International Shipping and Ramadan: Key Considerations for Your Business
If your business engages in cross-border sales to any predominantly Muslim countries, Ramadan might be one of your busiest periods of the year, because while business activity tends to decline during the observance of fasting, consumers' shopping appetites do not.
However, before you (or your business customers if you are in B2B commerce) can take advantage of this peak shopping period, you need plenty of inventory on hand for consumers to buy.
If you use international shipping services to place inventory in your Muslim markets, the insights contained in this article will help you plan your fulfillment and logistics activities correctly, so you can get your inventory in place and capitalize on Ramadan’s revenue-generating opportunities.
Although the prominent sales peak occurs around the end of Ramadan, it would be a mistake to leave international shipping until the start of the holy month, or even the month before, particularly if you are relying on FCL or LCL ocean freight services.
Naturally, if you use air freight, your shipment will be faster. Nevertheless, it still makes sense to ship your goods early to ensure they are in place and available to sell at the beginning of Ramadan.
There are two reasons for this. Firstly, sales activity is typically healthy in the retail sector throughout Ramadan, so it would be a shame to run short of inventory at any point during the month. Secondly, and perhaps more importantly, leaving your shipping too late could mean missed opportunities during Eid Al Fitr.
If you don’t want to miss the boat (if you’ll excuse the pun) on the big sales spike on Eid Al Fitr, your goods should be through customs and inside the borders of your destination country well in advance.
That’s because Ramadan tends to be a time when congestion builds up at ports of entry. As a rule of thumb, you should try to ensure your shipment arrives at your chosen port of entry at least two weeks before the start of the fast.
Reduced Business Hours During Ramadan
Once the fast begins, most, if not all businesses, including shipping companies, customs brokers, and freight forwarders, reduce their operating hours—this at a time when the demand for international shipping into affected ports is higher than usual.
Typical Ramadan business hours might be from 8:00 a.m. until 2:00 p.m. or from 10:30 a.m. to 4:30 p.m., for example.
At the same time, customs authorities in some countries operate a half-day service only throughout Ramadan, which can slow cargo processing considerably. During the three days of Eid Al Fitr, customs offices remain closed in many states that recognize the holiday.
In Indonesia, ocean freight can slow down even more as some shipping lines cease calling at Indonesian ports during the final days leading up to Eid Al Fitr. The government also places restrictions on goods vehicle movements at this busy time, so it is not a good idea to leave shipping too late if you want to sell your products in Indonesia during the Eid holidays.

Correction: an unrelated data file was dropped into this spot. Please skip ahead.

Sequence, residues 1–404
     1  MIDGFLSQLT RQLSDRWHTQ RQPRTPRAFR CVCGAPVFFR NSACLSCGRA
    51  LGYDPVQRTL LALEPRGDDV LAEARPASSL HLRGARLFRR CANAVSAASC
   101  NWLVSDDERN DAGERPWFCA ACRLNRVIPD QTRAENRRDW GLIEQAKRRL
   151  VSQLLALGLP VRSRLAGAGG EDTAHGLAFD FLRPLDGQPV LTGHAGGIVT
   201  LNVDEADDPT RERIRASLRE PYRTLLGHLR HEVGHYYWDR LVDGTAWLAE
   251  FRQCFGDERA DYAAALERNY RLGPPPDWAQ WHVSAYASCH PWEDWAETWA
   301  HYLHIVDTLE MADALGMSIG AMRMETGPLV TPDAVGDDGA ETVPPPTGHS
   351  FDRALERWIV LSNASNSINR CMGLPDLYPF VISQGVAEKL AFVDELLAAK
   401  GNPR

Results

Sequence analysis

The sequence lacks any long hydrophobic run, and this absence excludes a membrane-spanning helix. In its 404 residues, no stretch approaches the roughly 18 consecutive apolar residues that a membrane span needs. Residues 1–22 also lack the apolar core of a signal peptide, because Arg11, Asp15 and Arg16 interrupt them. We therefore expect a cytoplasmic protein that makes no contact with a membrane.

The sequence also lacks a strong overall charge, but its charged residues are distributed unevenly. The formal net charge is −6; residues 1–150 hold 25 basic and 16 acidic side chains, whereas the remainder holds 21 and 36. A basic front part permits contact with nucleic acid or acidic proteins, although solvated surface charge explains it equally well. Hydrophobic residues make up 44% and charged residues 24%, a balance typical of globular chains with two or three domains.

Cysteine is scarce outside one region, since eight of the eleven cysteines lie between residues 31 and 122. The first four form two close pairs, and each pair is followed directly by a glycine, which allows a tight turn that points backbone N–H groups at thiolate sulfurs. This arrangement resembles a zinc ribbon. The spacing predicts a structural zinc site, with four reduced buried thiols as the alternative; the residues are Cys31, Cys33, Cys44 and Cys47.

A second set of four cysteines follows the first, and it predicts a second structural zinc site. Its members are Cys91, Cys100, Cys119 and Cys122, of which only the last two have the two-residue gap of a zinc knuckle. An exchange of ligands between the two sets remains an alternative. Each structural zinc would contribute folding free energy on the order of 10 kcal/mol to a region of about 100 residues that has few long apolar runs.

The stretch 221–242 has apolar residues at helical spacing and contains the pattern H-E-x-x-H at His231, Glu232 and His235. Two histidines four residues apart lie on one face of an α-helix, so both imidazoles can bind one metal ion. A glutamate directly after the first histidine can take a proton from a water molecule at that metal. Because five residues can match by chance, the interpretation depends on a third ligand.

Even if your logistics activity is not directly linked to Ramadan, but involves the shipment of goods to or from countries that observe the holy month, it's still a good idea to avoid shipping just before, during, and immediately after the Ramadan period if possible. The reason for this is that Ramadan is not an ideal time for business-to-business activity, including the business of commercial goods shipping and transportation.
The Risk of Port Delays and Demurrage
If your shipment arrives at a port of entry or exit during Ramadan, there is a risk that it may spend far longer than usual awaiting customs clearance at the port. If your goods should be delayed in such a way, you are at risk of starting to accumulate demurrage charges, which as you will know if you’ve ever experienced them, can mount up alarmingly, perhaps adding hundreds of dollars to your shipping costs.
Fewer Resources Make for Higher Costs
For imports into Muslim countries during Ramadan, you should also consider the risk that road transportation services may run at reduced capacity, due to shorter working hours, so it may not be as easy as usual to get your goods moved on to their final destination.
Freight rates may also be higher for international shipping during the holy month, because of increased demand and a dearth of resources, with some shipping lines implementing congestion surcharges and other extra fees.
The best advice anyone can give you concerning international shipping during Ramadan, is to try to avoid it if your origin or destination is a country that observes the month-long holy ritual.
If you are shipping consumer goods, get them to their destination at least two weeks before holy month commences. Otherwise, if Ramadan presents no remarkable opportunities for your business, apply the same rule, but make your shipments large enough that you won’t need to ship again before Holy Month and the Eid holiday are over.
If you do need to ship during Ramadan, consider booking your air or ocean freight with Shipa Freight. We are a global, international freight forwarding company operating a regular, uninterrupted service throughout Ramadan, throughout the world. Try our online platform by requesting a freight quote today.
You may also like
Logistics in Chinese New Year
This article explains just how disruptive Chinese New Year can be for international shipping in 2022.
10 Largest Ports in North America
Find here a description of the 10 largest ports in North America to find the port that will be best suited to your shipping needs from or to the US.